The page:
Recording information: Christ the King Chapel, Santa Barbara, CA (09/1992).
Photographers: Mike Sexton; Susan Titelman.
A Meeting by the River can best be described as a spontaneous outpouring of music, unhindered by convention or form, brought into being by musicians so supremely capable that the music is never labored, the technique of their craft always subservient to the final product. Cooder and Bhatt are genuine masters of the guitar and mohan vina, respectively. The latter, an instrument created by Bhatt himself, is a sort of hybrid between a guitar and a vichitra vina, and is played with a metal slide. This fact is just one of the many things that connect Bhatt's playing to Cooder's, who plays nothing but bottleneck guitar here. The musical interplay between Cooder and Bhatt is nothing short of astounding, especially so considering that they met for the first time only a half-hour before the recording of this album. The voices of the two instruments blend marvelously, first alternating melodic statements, then doing so together, each dancing around the other, playing cat and mouse, probing, answering, reflecting. They are ably accompanied by a pair of percussionists: tabla player Sukhvinder Singh Namdhari and Cooder's own son, Joachim, on dumbek. A Meeting by the River is one of those few cross-genre albums in which the listener never feels for a second that there is some kind of fusion going on; one does not hear the component parts so much as the integrated whole. However, one can theoretically separate guitar from vina, America from India, the Mississippi from the Ganges. Once this is done, the resulting music makes more sense than ever before, the combination of two traditions of stringed instruments that use slides to produce sound and value improvisation and voice-like phrasing. As good as this sounds on paper, the actual results are even more impressive. The splendor of the music is aided in its transmission by the fact that, like all Water Lily Acoustics releases, this album is masterfully recorded; each instrument is clear, distinct, and three-dimensional sounding. A Meeting by the River is a must-own, a thing of pure, unadulterated beauty, and the strongest record in Cooder's extensive catalog. ~ Daniel Gioffre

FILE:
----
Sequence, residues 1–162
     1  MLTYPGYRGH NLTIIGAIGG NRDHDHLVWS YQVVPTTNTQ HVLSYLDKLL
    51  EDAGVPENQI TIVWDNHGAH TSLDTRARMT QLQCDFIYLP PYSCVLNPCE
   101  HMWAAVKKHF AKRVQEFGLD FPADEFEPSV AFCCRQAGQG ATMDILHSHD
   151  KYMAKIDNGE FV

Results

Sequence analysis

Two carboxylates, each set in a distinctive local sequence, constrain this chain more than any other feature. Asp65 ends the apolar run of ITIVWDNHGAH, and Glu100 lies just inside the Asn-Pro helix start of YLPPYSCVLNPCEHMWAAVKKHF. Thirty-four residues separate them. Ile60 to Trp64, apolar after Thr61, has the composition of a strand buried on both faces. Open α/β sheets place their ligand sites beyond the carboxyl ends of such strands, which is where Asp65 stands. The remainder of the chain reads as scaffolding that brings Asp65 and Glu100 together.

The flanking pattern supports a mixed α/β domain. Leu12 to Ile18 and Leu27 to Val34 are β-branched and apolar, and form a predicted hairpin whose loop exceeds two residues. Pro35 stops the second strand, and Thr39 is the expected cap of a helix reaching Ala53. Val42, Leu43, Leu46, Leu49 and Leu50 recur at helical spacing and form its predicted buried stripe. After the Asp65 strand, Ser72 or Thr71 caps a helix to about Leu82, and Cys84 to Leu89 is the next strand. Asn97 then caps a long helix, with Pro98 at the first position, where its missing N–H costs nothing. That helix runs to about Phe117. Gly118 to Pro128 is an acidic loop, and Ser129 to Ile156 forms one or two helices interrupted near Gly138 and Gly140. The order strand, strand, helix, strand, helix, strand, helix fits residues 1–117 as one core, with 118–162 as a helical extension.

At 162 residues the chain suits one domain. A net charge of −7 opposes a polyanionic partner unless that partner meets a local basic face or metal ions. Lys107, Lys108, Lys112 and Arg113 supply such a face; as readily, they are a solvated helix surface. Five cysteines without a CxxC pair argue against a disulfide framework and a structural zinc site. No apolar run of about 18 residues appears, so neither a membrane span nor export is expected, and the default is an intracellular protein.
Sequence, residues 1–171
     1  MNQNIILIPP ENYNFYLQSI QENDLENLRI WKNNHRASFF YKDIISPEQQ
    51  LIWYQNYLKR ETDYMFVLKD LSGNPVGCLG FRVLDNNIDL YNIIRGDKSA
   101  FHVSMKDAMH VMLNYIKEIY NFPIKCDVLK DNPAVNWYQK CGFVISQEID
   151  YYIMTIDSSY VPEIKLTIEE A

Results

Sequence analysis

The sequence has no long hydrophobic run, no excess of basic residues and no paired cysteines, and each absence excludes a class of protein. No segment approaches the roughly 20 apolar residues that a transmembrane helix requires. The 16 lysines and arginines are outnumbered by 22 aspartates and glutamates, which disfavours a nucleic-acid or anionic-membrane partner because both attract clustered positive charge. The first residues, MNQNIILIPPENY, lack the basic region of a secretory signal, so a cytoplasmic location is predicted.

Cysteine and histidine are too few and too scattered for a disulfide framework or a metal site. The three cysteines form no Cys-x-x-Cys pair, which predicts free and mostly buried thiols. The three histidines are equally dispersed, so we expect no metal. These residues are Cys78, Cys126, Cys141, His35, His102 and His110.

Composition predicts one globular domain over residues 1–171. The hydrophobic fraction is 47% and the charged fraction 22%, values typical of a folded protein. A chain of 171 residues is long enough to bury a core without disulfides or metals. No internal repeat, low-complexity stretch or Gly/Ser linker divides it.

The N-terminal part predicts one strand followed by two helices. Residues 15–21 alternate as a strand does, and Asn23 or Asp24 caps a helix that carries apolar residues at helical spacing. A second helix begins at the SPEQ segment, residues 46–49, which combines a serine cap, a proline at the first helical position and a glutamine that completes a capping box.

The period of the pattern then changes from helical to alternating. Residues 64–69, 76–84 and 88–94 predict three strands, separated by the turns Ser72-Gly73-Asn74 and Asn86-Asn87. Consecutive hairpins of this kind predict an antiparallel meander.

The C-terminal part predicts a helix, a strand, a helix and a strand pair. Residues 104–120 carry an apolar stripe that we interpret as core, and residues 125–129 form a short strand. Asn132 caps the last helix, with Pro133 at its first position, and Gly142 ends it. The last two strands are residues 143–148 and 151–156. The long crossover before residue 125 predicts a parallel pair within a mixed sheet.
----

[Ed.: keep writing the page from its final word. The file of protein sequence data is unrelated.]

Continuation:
Rolling Stone (5/13/93, p.108) - 4 Stars - Excellent - "...The similarities and differences of approach to their related instruments, based on the microtonal palette of the slide guitar, add up to a world-music stew that blends references from Delta blues to New Delhi..."
Q (6/93, p.94) - 4 Stars - Excellent - "...Bhatt's slide playing is exquisite, searching and sensitive, captivatingly Indian in character while Cooder's bottleneck sounds as if he is truly responding to an artistic challenge and enjoying himself..."
Option (5-6/93, p.96) - "...[A MEETING BY THE RIVER is] one of the best settings imaginable for Ry Cooder's laid-back acoustic blues: a 40-minute set of improvisations with Bhatt..."
Musician (7/93, p.94) - "...an improvisational masterpiece...[Cooder and Bhatt] gracefully toss complex melodic ideas back and forth with a sympathy and intuitive sense that are nothing short of magical...why waste time trying to identify `highlights' on a treasure trove like this?..."